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Mintec Pricing Update - 16 August

August 16, 2021

2 mins read

 

Here is the Mintec Pricing update for the past week. Feel free to get in touch if you have any questions:

• London cocoa futures continued to move higher, with the front month contract gaining 2.6% throughout the week. Speculators trimmed their net short position by over 10,000 contracts. Fundamentals remain bearish, with good rains last week bolstering hopes for the 21/22 crop, and more rain forecast for later this week. The higher terminal prices also fed into cocoa products, with the Mintec Benchmark Prices for Cocoa Butter EXW W Europe [Mintec Code: COBS] up 3.4% week-on-week.

• The almond market continued to firm last week on the back of concerns over the drought situation in California. The Mintec Benchmark Prices for NPX 23/25 FAS US [Mintec Code: NP01] were assessed at $3.10/lb on 12 August, up 10 cents/lb on the week.

The July position report, released 12 August after the assessment deadline closed, showed another month of record shipments at 229 million pounds. This was in line with the responses from the Mintec survey ahead of the shipment report, with market participants submitting values between 200-230 million pounds and most respondents estimating between 220-230 million. If you are interested in receiving further information on the almond markets contact pricing@mintecglobal.com to get access to the Weekly Mintec Almond Report.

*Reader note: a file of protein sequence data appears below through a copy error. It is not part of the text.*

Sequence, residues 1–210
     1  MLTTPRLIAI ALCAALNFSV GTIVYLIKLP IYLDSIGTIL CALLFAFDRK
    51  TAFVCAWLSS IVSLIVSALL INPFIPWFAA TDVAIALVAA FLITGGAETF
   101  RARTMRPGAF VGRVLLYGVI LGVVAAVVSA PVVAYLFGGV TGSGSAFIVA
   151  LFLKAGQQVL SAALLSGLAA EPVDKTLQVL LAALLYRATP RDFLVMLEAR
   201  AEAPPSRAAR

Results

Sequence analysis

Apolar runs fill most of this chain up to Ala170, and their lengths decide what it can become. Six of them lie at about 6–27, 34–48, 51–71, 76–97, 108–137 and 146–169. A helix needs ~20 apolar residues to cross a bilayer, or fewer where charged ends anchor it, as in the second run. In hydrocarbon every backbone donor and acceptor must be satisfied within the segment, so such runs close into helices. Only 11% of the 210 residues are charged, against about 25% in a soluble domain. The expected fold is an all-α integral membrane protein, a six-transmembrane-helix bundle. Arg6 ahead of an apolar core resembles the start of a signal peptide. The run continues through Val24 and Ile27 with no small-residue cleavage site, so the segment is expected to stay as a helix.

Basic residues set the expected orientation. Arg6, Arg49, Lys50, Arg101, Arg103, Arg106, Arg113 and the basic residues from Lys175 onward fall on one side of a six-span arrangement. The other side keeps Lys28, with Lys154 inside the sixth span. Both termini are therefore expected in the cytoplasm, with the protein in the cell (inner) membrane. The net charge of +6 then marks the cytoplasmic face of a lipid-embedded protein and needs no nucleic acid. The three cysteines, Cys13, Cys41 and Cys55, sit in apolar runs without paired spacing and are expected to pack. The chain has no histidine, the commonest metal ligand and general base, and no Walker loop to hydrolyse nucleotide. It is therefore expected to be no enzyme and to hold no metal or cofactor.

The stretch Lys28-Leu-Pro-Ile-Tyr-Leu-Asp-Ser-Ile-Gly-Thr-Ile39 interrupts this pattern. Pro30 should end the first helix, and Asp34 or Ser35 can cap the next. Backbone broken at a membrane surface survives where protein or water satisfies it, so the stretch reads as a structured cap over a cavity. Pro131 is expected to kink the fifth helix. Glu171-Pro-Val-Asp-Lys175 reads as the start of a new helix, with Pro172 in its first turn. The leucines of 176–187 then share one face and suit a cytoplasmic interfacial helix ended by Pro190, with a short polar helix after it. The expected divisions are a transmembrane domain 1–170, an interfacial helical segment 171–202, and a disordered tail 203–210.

• Durum wheat moved up again last week, with the Mintec Benchmark Prices for Italian Durum Fino EXW Central Italy [Mintec Code: WJ98] up nearly 24% since the beginning of July. The early results from the Italian harvest are below expectations both in terms of quality and quantity of durum wheat. Market players have cited concerns that with reduced and poorer quality Italian crop, and poor crops expected from Canada and the US, there could be a lack of durum wheat (and in turn semolina) available in both global and local markets. Market participants have expressed estimates of a 30-40% decline in production in North America. With prices rising sharply, farmers have been reluctant to sell, holding off for higher prices in the longer term, and leaving buyers to pay higher prices to obtain the product.

 

Pricing Team
Pricing Team

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